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Cost of a cuppa set to boil over thanks to Brexit as Typhoo Tea battles fall in sterlingThe price of a cup of tea is set to go up thanks to

Brexit . Typhoo Tea has been battling the fall in the va

lue o

f sterling since June and now says it has to act. The company sells 95 per cent of its tea in Britai

n and produces millions of bags a week in a factory in Moreton, Wirral. Wi

th

the price of sterling plunging following the vote to leave the EU, costs have soared. CEO Somnath Saha says Typhoo now has to act

. Read MoreRelated ArticlesFrom British Airways fare hike to Apple price increase and even end of free gym towels - how Brexits biting The pound has fallen to a record low after the EU referendum vote This is an absolute disaster for a company the size of ours, says Mr Saha. The very sharp fall in the pound means the impact is at least a quarter of a millio

n pounds a month for us. This is having a very negative impact on our business and we are really suffering. Its now c

ome to a point where its not sustainable for us. It comes as millions of families face a pre-Christmas energy bill hike

fuelled by Brexit . Power giants are expected to protect their margins following a huge jump in wholesale costs and the crash in sterling’s value since the EU referendum vote. Experts fear electricity bills will go up by 5 per cent this winter, adding 25.60 to household bills and costing 18 million customers on standard tariffs an extra 465million a year. Energy is among several imported goods set to become dearer because it is priced in dollars. Some suppliers could delay an increase as they hedged against costs rising by pre彩神幸运飞艇全能计划王 -buying at lower rates earlier this year. Read MoreRelated Arti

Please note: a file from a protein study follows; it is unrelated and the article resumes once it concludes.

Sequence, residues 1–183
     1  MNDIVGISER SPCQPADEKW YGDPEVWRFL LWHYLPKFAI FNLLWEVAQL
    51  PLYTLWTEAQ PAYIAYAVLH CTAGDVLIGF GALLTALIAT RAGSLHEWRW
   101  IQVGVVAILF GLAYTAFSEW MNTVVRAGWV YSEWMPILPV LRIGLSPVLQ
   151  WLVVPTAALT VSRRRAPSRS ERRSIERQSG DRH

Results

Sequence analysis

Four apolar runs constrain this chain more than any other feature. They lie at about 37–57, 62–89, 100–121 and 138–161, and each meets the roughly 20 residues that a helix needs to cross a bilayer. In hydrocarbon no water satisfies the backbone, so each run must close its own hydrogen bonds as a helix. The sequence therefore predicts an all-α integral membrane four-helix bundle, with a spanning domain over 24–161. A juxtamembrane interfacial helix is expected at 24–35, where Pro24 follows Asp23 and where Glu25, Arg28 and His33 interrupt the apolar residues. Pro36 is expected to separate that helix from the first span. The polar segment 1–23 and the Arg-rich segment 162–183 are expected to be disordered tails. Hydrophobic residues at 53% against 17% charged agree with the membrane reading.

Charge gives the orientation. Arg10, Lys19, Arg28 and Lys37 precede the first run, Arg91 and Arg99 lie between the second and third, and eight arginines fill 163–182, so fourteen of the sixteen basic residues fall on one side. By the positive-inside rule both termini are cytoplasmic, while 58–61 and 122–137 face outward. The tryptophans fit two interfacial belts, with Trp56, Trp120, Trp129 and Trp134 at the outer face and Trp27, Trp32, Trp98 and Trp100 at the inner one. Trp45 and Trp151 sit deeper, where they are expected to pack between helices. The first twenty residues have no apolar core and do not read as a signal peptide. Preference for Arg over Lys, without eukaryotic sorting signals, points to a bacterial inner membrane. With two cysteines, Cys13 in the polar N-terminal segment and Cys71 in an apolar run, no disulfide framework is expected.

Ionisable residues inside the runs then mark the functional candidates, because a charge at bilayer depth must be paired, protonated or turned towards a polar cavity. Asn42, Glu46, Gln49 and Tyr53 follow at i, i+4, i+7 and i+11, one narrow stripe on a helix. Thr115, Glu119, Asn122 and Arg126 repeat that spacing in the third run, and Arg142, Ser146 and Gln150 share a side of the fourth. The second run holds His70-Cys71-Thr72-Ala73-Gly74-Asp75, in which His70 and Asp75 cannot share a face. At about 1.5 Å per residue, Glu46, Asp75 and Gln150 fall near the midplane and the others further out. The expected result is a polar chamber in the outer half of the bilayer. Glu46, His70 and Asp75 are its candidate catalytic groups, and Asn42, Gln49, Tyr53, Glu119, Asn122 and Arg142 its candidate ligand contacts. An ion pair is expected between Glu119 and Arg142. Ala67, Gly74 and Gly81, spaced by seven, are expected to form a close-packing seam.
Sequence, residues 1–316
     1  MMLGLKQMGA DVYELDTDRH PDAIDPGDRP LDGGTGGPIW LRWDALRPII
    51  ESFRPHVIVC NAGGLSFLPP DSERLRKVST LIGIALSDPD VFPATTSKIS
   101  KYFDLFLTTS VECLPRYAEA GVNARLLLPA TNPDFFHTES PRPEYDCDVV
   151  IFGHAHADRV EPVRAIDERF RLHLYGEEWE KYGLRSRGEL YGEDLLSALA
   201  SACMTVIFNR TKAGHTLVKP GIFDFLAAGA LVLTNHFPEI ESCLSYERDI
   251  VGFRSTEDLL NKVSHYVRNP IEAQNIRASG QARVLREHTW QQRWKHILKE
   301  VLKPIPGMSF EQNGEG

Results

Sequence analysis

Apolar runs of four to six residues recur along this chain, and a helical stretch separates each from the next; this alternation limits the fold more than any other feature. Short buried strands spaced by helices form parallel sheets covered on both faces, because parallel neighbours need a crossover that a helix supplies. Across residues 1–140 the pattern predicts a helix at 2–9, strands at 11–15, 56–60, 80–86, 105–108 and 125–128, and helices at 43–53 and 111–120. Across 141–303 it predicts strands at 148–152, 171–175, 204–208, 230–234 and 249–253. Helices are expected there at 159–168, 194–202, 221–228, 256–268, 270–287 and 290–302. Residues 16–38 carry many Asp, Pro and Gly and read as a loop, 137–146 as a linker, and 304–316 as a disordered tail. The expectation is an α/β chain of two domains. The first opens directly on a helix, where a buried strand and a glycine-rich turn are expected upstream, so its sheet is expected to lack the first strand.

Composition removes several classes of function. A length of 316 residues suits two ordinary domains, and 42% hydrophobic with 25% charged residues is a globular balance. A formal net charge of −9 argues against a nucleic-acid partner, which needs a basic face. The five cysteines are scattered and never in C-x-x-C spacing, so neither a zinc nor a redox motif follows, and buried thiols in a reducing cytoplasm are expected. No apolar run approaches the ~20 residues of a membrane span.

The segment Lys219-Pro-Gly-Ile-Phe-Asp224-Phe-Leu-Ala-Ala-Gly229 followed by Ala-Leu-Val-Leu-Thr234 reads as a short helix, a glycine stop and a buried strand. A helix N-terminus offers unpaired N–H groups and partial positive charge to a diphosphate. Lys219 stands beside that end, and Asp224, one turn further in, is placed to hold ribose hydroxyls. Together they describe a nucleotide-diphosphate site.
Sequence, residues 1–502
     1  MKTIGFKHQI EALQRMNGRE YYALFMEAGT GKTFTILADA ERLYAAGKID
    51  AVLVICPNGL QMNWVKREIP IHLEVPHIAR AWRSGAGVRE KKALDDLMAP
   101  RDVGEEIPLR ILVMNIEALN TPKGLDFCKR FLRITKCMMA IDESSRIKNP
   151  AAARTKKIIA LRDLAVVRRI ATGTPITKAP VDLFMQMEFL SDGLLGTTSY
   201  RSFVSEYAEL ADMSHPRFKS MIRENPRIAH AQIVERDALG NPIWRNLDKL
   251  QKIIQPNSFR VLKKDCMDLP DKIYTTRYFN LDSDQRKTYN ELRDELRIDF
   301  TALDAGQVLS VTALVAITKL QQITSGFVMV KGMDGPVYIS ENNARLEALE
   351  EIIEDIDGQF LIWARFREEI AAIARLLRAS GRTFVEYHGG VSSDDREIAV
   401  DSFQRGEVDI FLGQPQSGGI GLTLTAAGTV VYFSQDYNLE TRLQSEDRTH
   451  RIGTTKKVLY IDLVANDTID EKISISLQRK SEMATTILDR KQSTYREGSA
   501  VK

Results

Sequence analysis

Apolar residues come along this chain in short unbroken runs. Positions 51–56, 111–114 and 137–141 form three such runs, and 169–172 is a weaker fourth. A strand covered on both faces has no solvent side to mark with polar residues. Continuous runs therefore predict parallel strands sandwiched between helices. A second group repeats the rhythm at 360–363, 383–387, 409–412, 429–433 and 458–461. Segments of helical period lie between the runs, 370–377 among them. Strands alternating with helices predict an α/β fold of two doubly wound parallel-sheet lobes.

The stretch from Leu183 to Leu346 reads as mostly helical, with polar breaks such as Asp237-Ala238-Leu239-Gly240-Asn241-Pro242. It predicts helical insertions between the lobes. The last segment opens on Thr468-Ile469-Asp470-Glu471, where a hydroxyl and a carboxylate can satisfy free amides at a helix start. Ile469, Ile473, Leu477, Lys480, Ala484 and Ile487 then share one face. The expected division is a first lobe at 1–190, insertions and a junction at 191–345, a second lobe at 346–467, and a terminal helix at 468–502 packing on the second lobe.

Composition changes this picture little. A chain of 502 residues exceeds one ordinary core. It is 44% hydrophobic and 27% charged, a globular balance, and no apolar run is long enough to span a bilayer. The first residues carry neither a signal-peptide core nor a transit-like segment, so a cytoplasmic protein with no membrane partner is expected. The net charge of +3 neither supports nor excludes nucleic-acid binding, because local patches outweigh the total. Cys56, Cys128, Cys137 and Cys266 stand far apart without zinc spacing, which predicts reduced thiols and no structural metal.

clesTony Blair writes: If Brexit is a disaster we mus

t have right to change our mind (Image: Getty) But Mark Todd of switching site Enerygyhelpline.com said winter hikes seem almost inevitable after a 64 per cent rise in electricity costs since March. He told the Sunday People: “Electricity rises look ver

y likely. Gas price rises are also possible but not as likely, as the wholesale rise in the gas market has been lower at 51 per cent. “The main reason that wholesale energy prices are rising is the tumbling pound, making it more expensive to import. In some ways we are staring down the barrel of the gun of the first Brexit price rise.” Read MoreRelated ArticlesBrexit forces wining Remainers to pay 29p more for wine (Image: Getty) Energy analyst David Hunter, of consultancy Schneider Electric, said: “Given the pressure on wholesale costs, it is likely that suppliers will look to protect their margins.” The average standard gas and electricity bill is currently 1,063. Competit

ion watchdogs have found customers were overcharged by 2billion last year.

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